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Brian Camiller David Helisek Michelle Lewis
June 1, 2020 Article 3 min read

The best way to analyze and react to revenue declines? A solid, long-term financial plan. It can help you see where you’re headed financially and calculate the changes needed to maintain financially stability.

Municipal worker taking a break in a lobby area looking outside the building.As local governments navigate operations in the COVID-19 landscape, they’re faced with uncertainty on all fronts. Sources of revenue for municipalities — things such as property taxes, state revenue-sharing, and utility service charges that have been relatively stable in recent years — are now or may soon be declining. These declining revenues, coupled with increasing COVID-19-related expenditures, will likely have negative effects on fund balance, net position, and working capital. In order to navigate this economic minefield, municipalities need a financial plan and the tools to track progress and to project the financial impact as situations change and decisions need to be made.

The economic impact of COVID-19 on your municipality

COVID-19 has already impacted revenues and cash flows for local governments. The ongoing pandemic and eventual recovery will magnify cash flow concerns and budget challenges. Municipalities that have a significant commercial base may see water and sewer usage remain at significantly lower levels as some temporary business closures become permanent. Revenues from charges for services, business permits, and court fines and fees may also remain significantly lower compared to pre-pandemic levels. Finally, the cashflow from the revenue local governments do receive may be further delayed because of extended deadlines for income or payroll taxes and distressed residents and business owners prioritizing which bills to pay first.

Looking further out, pension and other postemployment contribution requirements may increase due to declines in fiduciary net position and the long-term rate-of-return assumption impacts. Capital spending may need to be deferred or reevaluated.

For many municipalities, this is a crossroads. Will you steer your community toward stability or further distress?

As we learned during the Great Recession, the best way to analyze and react to these revenue declines is a solid financial plan. During the Great Recession, communities that used a long-term model or adopted a multiyear budget were able to better predict the cumulative impact on operations earlier. This allowed these communities to implement a more measured response to the crisis. Incremental improvements early on had compounding benefits year over year, which reduced the severity of the subsequent cuts.

Incremental improvements early on had compounding benefits year over year, which reduced the severity of the subsequent cuts.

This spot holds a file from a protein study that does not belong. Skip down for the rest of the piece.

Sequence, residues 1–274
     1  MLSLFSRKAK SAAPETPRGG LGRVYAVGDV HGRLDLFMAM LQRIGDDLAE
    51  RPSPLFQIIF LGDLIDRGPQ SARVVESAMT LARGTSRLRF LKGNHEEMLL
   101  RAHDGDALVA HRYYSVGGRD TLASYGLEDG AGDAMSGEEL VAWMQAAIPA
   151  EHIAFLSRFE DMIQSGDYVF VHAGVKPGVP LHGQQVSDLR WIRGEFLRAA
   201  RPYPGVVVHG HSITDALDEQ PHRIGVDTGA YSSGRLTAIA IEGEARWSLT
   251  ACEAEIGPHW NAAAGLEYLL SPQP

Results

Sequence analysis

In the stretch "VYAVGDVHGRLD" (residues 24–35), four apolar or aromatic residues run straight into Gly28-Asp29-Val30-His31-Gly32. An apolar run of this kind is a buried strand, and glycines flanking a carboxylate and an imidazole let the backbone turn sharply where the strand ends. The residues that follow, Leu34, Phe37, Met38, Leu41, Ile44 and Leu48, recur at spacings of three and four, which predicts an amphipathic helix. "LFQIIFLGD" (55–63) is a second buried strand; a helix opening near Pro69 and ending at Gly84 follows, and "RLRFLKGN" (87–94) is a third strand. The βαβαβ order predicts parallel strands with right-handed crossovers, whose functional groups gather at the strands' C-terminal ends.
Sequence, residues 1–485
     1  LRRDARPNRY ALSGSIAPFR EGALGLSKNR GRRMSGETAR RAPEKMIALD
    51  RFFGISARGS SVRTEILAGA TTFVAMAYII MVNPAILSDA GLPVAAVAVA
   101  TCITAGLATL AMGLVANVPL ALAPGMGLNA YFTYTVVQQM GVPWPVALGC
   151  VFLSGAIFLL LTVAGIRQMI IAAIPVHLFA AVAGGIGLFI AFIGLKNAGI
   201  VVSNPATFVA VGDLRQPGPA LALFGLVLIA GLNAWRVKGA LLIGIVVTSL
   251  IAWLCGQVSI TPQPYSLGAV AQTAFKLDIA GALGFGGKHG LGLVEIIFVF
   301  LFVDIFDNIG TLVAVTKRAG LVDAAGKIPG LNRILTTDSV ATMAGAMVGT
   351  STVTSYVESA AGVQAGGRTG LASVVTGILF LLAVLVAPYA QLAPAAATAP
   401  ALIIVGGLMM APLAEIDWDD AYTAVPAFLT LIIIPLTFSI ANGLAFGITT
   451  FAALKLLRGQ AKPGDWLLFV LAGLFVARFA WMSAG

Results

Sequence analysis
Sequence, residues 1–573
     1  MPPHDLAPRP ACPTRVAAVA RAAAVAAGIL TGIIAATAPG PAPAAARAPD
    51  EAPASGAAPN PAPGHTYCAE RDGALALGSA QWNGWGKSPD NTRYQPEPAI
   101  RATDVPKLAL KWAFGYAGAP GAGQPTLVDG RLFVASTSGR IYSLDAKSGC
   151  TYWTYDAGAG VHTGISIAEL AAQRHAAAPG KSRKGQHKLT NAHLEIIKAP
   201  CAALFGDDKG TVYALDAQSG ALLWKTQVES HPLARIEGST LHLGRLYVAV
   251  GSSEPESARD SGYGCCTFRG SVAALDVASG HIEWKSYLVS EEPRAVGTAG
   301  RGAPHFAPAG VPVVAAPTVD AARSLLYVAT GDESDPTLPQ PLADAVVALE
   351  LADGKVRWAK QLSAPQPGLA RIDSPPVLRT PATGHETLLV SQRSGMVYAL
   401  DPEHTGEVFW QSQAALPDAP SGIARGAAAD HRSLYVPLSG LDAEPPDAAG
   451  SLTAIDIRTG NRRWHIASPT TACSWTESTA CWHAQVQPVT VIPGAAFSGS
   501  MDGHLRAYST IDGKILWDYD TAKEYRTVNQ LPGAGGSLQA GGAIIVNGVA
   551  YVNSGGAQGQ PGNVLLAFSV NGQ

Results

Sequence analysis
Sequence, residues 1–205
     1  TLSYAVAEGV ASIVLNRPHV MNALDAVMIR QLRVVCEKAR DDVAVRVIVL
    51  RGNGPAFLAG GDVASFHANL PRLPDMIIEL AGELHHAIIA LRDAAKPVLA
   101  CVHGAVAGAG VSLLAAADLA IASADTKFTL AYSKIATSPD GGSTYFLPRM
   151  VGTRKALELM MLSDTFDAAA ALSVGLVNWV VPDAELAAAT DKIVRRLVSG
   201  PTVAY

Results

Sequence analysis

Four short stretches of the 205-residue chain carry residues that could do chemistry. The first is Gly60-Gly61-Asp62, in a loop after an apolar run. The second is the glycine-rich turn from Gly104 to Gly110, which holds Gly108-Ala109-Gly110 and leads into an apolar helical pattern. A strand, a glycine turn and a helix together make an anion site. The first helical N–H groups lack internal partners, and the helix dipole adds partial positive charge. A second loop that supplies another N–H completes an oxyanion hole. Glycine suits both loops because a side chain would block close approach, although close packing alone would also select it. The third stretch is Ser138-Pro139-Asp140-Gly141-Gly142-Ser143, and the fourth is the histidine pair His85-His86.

Although the current COVID-19 situation is dramatically different from the previous economic downturn, communities can use these same tools. A multiyear financial plan will allow municipal leaders to see where their municipality is headed financially and to calculate the changes necessary to stay financially stable. Absent these tools, municipalities run the risk of steering their community over a proverbial financial cliff.

Long-term planning as a decision-making tool

For years, governments have developed long-range plans to analyze significant initiatives, both capital and operational, the funding of legacy costs, and swings in significant revenues. For both short-term and long-term fixes, structural levers can be pulled to help balance your budget and ensure sustainable decision-making. Some revenues can be enhanced, even in times of crisis, but the rubber will hit the road as you consider your expenses. What do we keep?  What do we reduce?  And, what is the financial impact — to cashflow and to fund balance or net position — of each of these decisions?

A long-term financial planning model will allow you to run different scenarios — possible detrimental impacts to revenues and your compensating cost containment strategies — before deciding the best course of action for your municipality. Your model should be a “living document” that can be revised as new information becomes available, old assumptions are proven true or abandoned, and new assumptions are formulated. The model’s results will assist with educating the various stakeholders and help build consensus for the difficult decisions that lie ahead.

Bottom line, modeling will provide a comprehensive picture of your finances today and into the future as you revamp your budget and work to regain financial stability through a very uncertain and tumultuous time.

Modeling will provide a comprehensive picture of your finances today and into the future as you revamp your budget and work to regain financial stability through a very uncertain and tumultuous time.

As you begin to think about your community’s financial outlook and the necessary changes that will need to be implemented, it might seem overwhelming. Really, the most difficult part is just getting started. If you need assistance, please contact us. We’ll be happy to help.

We’re here to help. Visit our COVID-19 government resource center.

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